4.  Weird formatting.  People, your paper or your blog is not more artistic if you center the entire thing.

3.  People, you look ridiculous when you type rediculous in a comment.  Srsly.

2.  Less instead of fewer.  Less is continuous, fewer is countable.  (AGAIN.)

1.  Apostrophes.  Learn their proper use.

What are we missing?

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The “It is never the right time to have a baby (for a female academic who wants kids)” post

Yes, this is trite advice that you’ve probably read before, but hey, why not?


1.  Before college graduation.  This option is not usually a choice.  Women academics who do this are generally highly selected so it is difficult to say whether this is a good option as a policy recommendation or that the women who decide to go into academia after having a child young are made up of stern stuff.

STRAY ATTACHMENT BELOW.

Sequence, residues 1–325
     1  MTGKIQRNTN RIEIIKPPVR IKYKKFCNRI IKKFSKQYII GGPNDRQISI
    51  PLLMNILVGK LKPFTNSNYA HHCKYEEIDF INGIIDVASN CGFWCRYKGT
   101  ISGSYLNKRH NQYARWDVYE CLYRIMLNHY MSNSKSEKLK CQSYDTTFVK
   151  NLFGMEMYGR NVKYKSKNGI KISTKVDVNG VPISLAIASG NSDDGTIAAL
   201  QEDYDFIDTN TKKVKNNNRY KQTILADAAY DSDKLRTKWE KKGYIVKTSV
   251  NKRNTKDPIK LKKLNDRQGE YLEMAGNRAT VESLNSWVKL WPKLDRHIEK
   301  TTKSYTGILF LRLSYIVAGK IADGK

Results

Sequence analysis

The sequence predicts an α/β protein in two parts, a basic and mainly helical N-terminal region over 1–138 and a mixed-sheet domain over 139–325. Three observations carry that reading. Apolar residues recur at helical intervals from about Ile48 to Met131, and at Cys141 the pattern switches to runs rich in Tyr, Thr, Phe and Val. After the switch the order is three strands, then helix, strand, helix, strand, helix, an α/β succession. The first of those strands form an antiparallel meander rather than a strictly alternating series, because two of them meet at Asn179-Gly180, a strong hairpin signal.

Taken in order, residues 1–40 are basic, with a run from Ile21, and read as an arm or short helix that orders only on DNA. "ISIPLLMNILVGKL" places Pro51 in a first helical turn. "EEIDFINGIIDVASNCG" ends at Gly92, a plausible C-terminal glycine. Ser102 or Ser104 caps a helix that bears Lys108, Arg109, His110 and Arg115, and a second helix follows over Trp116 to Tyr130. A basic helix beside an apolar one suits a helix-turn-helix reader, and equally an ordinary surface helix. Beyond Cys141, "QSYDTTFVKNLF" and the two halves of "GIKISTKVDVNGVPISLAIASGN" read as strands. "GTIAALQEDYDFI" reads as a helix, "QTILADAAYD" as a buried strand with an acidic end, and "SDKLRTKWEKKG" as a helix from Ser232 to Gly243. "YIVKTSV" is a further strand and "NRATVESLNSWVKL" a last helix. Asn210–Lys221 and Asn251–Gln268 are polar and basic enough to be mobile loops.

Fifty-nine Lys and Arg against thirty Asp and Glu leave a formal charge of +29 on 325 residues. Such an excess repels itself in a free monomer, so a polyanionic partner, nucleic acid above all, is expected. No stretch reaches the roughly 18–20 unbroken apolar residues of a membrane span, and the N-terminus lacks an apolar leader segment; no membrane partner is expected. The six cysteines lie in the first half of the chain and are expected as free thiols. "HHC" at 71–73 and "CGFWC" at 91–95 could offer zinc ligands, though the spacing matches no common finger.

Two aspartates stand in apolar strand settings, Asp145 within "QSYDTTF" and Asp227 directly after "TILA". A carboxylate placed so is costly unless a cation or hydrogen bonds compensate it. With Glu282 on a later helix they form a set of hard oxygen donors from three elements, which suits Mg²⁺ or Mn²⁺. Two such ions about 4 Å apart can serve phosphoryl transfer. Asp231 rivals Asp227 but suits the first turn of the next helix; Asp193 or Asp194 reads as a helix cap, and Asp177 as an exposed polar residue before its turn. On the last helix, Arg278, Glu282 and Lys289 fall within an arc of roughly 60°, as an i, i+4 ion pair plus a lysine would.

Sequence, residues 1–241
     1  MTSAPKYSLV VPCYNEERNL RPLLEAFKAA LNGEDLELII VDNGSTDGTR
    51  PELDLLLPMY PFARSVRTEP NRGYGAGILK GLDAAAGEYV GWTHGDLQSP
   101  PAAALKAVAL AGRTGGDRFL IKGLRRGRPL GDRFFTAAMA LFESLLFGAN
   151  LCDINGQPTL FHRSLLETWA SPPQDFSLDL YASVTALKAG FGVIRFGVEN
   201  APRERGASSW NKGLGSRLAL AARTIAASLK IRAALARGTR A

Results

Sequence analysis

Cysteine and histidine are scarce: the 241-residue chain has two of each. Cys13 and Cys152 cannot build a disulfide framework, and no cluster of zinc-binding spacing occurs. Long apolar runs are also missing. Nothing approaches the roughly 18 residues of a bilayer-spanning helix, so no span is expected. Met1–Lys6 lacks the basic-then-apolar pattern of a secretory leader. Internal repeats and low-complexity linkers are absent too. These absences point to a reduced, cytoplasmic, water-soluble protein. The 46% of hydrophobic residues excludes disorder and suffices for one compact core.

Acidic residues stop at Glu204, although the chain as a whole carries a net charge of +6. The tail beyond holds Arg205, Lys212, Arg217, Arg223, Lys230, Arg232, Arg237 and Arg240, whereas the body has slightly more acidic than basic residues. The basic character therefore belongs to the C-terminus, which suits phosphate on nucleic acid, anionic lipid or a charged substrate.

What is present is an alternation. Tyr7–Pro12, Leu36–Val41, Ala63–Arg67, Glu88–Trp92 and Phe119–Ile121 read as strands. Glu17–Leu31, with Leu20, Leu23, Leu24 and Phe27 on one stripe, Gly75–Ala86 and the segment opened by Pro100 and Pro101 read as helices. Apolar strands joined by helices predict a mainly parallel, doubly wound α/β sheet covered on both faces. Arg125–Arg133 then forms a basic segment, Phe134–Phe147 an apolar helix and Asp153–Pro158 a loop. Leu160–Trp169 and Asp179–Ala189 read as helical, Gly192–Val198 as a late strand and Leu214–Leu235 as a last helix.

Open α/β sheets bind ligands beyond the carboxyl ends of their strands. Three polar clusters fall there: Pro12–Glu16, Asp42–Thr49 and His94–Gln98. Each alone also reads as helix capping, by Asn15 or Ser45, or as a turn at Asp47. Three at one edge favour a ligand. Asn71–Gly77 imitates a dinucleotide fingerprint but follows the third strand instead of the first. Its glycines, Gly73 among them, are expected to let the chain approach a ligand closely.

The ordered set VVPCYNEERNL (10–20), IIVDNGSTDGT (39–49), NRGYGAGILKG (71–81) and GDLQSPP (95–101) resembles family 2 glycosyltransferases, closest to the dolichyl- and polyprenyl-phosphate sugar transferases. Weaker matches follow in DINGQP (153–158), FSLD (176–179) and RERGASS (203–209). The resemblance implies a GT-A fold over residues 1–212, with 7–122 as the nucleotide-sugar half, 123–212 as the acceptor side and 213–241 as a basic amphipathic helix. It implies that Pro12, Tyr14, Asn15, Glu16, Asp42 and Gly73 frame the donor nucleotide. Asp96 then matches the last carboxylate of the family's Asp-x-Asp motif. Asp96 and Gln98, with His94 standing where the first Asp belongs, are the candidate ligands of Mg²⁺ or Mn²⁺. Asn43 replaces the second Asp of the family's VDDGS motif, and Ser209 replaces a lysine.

2.  During graduate school.  Some people look down on this, some people strongly recommend it.  The effect also seems to vary by discipline.  Men do this all the time without consequence.   Pros:  Flexible schedule, kids are older and potentially easier to deal with once you’re in a tt position.  Body is still young.  Cons:  Advisers may take you less seriously and relegate you mentally to a mommy track.  Money is often tight so it is difficult to pay for a full time nanny or high quality daycare etc.

3.  Before tenure: Pros:  Your body is still relatively young.  Your biological clock may be ticking loudly at this or any time.  You have more money than you had before and can funnel it into baby-related things.  Depending on where you are, you may actually get maternity leave which will help you continue research when you have a newborn (because of the break from teaching and service).  Cons:  Your colleagues may take you less seriously and relegate you mentally to a mommy track.  If you take an additional year to your clock you may be expected to produce more stuff (but you may not).  In my discipline women are just starting to have one baby before tenure.